Virginia Barton



  • Coal-Filled Wellies says on: August 15, 2017 at 4:15 am



    • Ginny says on: August 15, 2017 at 2:58 pm


      Wellies — I can almost hear you sing that; perhaps The Great Amen? Gin

  • Nadine says on: August 15, 2017 at 5:42 am


    Extraordinary to think this was written in 1373, over six hundred years ago…

    We used to go to the island of Tinos as children on the 15th August, with my Greek grandmother, where every year they throw an icon of the Virgin Mary in the sea to celebrate her feast day.

    Strange habits…

    • Jack L says on: August 15, 2017 at 12:51 pm


      Interesting, Nadine. My Italian grandfather told us as kids that on the Assumption, August 15th, there was a “cure in the water,” so we had to go down to the beach and get wet. As you can imagine, we were more than willing to do so.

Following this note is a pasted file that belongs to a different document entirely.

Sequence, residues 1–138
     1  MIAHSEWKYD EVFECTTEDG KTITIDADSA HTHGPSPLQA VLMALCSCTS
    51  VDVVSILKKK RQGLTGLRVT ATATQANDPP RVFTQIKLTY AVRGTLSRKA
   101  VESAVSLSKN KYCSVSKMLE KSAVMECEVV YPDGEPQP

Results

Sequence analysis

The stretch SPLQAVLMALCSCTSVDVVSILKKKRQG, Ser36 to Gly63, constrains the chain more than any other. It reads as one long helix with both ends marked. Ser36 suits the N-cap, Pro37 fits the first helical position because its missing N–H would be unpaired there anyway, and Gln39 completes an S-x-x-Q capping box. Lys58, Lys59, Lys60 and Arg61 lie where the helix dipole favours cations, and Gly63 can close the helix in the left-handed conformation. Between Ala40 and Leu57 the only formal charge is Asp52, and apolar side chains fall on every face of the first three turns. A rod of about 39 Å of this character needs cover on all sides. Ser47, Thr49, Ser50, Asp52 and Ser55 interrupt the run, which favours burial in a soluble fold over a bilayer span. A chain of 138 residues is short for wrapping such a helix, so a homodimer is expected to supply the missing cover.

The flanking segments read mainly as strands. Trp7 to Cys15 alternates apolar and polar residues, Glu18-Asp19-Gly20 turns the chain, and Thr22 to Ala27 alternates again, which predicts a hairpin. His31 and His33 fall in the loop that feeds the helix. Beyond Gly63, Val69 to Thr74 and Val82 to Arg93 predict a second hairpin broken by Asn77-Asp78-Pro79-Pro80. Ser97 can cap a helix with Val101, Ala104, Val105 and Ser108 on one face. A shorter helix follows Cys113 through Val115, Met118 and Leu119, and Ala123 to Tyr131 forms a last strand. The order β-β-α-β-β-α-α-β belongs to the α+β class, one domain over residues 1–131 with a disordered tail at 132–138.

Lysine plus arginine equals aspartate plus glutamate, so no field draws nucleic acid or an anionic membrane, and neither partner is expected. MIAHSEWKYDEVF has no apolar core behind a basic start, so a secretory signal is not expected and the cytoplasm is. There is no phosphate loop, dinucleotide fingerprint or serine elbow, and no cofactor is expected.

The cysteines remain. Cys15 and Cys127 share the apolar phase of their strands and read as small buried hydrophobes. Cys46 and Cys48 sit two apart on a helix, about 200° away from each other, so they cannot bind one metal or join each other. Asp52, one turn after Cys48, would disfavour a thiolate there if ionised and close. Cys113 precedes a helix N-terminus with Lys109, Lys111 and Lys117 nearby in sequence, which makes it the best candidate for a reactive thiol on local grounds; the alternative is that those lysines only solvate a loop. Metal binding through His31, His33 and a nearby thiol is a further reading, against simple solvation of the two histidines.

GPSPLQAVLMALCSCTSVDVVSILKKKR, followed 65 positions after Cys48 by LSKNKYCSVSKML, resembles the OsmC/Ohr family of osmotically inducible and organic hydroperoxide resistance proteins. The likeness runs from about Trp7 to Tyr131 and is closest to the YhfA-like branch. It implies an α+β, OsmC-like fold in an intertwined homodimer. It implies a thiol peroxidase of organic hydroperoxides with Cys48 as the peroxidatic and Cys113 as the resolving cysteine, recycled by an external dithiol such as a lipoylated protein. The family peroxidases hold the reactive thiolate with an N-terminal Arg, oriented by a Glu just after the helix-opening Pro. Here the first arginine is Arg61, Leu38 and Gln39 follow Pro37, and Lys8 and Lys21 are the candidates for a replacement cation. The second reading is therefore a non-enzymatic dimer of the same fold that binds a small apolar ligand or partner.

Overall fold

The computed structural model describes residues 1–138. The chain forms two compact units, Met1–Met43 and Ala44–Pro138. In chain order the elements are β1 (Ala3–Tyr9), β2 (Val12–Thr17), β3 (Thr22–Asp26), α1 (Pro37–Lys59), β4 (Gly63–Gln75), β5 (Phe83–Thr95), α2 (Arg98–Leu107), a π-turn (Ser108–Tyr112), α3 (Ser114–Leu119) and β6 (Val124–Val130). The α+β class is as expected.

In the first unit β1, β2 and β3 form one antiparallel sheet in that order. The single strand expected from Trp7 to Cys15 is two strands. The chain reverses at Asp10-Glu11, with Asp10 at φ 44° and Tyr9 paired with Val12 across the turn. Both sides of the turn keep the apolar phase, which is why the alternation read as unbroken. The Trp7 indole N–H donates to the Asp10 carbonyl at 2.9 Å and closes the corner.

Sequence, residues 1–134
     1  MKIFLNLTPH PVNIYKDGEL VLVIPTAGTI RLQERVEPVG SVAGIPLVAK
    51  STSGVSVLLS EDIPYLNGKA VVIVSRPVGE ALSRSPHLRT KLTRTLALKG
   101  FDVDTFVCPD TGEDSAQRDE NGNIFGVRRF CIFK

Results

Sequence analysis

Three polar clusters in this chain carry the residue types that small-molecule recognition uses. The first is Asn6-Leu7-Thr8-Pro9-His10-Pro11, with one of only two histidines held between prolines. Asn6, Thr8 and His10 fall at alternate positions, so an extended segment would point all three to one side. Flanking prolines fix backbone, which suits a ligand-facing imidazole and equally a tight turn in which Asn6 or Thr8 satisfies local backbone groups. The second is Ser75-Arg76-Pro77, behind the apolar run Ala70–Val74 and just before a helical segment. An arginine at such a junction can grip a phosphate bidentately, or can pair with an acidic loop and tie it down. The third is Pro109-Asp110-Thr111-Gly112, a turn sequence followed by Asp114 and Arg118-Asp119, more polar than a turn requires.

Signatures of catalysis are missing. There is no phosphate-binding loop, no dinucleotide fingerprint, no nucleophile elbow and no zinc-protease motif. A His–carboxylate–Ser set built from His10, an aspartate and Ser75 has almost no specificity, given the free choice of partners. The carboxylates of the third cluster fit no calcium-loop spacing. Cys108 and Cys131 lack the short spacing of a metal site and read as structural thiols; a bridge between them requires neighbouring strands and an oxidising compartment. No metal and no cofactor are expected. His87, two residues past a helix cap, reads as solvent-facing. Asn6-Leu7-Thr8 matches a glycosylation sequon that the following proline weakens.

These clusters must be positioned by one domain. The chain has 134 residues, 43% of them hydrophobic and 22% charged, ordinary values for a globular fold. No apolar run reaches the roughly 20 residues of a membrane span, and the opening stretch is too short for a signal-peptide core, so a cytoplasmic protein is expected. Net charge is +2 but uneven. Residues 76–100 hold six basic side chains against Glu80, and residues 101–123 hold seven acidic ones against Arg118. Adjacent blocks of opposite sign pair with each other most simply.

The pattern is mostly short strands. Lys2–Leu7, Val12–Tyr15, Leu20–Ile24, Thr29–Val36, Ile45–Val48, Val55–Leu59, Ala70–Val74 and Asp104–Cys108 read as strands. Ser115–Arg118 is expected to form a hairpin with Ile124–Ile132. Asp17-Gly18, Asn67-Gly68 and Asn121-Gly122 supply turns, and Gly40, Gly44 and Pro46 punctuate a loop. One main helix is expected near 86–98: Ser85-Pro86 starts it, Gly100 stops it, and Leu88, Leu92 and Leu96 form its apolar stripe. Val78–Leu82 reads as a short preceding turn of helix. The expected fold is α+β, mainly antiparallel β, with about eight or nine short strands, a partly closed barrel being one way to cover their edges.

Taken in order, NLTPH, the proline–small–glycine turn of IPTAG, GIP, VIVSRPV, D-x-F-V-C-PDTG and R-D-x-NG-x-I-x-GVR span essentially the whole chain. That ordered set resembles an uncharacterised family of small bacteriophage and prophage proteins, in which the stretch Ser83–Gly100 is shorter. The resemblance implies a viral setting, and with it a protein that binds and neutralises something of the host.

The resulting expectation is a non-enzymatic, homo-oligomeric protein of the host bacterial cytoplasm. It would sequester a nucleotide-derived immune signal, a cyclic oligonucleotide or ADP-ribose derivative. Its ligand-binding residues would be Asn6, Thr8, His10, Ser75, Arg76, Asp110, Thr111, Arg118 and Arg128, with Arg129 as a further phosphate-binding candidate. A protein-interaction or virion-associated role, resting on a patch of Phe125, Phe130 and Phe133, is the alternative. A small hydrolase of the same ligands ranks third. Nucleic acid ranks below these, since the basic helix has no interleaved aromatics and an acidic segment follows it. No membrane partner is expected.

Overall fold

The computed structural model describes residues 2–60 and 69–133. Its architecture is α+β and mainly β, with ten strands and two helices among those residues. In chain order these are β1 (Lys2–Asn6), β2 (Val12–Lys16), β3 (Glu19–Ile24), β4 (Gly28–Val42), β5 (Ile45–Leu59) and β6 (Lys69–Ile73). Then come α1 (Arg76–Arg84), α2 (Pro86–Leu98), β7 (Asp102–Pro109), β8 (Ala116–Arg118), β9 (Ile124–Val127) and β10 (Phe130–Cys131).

Apparently the same “cure” can be had from a dip in a swimming pool or a bathtub. I had a swim this morning!

      I suppose the belief in the healing qualities of water extends all the way back to Baptism…

      • Ginny says on: August 15, 2017 at 2:58 pm


        I’m sure you’re right Jack. And water is an essential to all physical life quite apart from Baptism.

        Don’t know about you, but I actually ache when parents say they haven’t had their children baptised and that “they’ll leave it to them when they’re older.” Ginny

    • Ginny says on: August 15, 2017 at 2:58 pm


      I need to know if you retrieved the icon, Nadine, or was it left in the sea? Left I suppose.

      Do they still do it? If you go to Greece, please ask.

      I believe Margery Kempe was a contemporary of Julian of Norwich whom she visited, and left an account of that visit. It seems she had 14 children and must have left them with Nanny (or maybe Dad?) because she travelled widely, including to Rome and Jerusalem. How’s that for fifteenth-century woman? Ginny

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